Anyway, I am LOVING "The Newsroom." It's classic Sorkin writing. I think that using recent news stories to make your characters smarter and better is a great conceit. Sorkin himself pointed it out after the first episode, so it's not that he's not aware of it. The criticism leveled against the show is that is has, in some cases, years of hindsight to make the exactly right call, but it DOES raise the issue that news, at one point in our nation's history, could be trusted BECAUSE of the integrity of the newscasters.
Now, we call it the bias. Integrity cannot enter into it, because we throw up "pundits", which is shorthand for "spinners", and not very good shorthand at that. Everyone has an agenda, and everyone wants to be famous, and everyone wants to be the smartest man in the room.
And that's where they lose me; while it's not always true, it's frequently true that I actually AM the smartest person in the room.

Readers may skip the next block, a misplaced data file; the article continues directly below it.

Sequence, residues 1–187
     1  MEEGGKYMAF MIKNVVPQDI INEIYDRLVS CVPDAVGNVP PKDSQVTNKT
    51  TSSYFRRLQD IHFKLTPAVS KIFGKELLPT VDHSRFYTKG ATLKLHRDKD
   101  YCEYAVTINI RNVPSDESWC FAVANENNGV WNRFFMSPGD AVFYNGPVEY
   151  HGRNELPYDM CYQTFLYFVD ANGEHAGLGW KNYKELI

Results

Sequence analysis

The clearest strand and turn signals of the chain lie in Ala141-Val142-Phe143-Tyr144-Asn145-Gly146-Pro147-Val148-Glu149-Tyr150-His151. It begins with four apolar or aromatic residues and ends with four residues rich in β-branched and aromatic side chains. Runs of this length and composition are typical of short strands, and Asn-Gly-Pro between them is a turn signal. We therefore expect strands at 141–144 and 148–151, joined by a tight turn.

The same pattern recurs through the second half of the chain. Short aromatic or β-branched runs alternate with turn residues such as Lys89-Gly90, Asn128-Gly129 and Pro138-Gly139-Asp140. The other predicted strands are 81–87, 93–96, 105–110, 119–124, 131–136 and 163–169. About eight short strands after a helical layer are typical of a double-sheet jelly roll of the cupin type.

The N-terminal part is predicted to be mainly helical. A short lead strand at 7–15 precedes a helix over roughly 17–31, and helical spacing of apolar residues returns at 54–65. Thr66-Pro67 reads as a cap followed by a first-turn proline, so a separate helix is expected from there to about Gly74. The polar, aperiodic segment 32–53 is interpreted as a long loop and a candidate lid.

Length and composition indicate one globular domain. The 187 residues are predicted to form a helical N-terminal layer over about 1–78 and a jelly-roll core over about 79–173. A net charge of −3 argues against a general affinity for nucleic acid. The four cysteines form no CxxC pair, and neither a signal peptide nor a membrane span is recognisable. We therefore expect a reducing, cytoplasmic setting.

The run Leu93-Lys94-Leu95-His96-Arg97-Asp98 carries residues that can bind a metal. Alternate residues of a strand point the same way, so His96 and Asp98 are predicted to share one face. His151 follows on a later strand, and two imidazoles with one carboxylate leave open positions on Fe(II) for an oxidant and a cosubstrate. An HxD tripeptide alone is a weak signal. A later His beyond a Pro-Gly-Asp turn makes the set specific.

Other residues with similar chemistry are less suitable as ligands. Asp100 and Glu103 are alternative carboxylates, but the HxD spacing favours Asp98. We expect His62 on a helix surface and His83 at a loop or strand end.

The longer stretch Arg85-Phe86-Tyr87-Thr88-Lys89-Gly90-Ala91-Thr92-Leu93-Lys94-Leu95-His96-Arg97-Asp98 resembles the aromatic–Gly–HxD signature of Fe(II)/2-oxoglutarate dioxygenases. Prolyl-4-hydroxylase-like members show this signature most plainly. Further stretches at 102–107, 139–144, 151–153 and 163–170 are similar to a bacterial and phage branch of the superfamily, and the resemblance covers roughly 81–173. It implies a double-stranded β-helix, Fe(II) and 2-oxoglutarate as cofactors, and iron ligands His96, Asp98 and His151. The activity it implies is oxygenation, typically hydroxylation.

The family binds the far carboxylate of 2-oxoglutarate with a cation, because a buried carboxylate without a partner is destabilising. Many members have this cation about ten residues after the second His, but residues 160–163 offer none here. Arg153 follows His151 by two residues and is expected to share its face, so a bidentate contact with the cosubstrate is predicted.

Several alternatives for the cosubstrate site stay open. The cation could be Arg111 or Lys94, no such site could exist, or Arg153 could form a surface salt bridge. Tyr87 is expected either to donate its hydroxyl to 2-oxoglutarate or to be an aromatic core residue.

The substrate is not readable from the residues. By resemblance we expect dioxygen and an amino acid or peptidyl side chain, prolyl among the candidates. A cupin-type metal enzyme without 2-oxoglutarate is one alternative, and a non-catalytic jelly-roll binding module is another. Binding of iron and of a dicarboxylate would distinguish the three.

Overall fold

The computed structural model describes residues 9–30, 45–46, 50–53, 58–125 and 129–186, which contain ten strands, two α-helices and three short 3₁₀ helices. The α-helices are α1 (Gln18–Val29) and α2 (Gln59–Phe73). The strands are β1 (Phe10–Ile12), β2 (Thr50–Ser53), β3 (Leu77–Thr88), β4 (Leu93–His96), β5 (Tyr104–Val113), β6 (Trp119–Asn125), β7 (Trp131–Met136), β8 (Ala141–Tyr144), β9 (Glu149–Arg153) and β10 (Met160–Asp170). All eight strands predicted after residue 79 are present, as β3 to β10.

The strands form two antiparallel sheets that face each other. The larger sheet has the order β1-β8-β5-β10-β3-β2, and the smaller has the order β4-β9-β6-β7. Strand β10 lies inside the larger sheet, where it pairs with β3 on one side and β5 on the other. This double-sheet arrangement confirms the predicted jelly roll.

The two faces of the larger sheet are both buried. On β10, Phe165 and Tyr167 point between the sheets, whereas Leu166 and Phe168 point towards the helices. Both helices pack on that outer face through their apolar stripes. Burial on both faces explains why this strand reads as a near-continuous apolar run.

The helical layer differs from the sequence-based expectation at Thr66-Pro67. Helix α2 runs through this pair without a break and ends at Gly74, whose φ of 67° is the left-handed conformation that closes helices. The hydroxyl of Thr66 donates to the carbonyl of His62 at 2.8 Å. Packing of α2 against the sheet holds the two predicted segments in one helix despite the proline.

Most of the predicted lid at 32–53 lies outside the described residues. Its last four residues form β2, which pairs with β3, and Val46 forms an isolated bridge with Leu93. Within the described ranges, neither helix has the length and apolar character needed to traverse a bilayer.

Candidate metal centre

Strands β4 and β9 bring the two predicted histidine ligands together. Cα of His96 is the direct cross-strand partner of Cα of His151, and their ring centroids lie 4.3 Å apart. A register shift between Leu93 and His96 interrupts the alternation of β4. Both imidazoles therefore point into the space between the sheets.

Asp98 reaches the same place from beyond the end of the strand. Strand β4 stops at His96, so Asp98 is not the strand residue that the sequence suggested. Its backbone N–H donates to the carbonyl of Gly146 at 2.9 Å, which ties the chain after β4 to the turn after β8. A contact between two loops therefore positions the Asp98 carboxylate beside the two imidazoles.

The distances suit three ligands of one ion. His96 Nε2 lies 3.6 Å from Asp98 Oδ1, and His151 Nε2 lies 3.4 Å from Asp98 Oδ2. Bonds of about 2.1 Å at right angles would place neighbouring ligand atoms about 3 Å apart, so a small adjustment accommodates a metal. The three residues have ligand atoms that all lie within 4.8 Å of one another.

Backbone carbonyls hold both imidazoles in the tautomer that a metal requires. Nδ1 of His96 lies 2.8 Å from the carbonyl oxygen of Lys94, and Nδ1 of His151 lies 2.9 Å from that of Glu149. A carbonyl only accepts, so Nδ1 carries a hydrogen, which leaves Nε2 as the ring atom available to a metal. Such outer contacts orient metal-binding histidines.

I find that I can quickly suss out the difference between "fact" and "spin", and it's aggravating how small the fact:spin ratio is.
I don't listen to the news much, anymore. I certainly don't tune in to Walter Cronkite or Tom Brokaw, as I did in my youth. I read the internet news, and I am depressed by the constant, constant, constant spin.
At the end of the day, "The Newsroom" is trying to address that.
And with Sorkin's hand on the pen, they're doing a pretty amazing job.
Love you lots, my peeps.
*There is no actual, you know, WEATHER, in California, so I assume this is an East-Coast expression.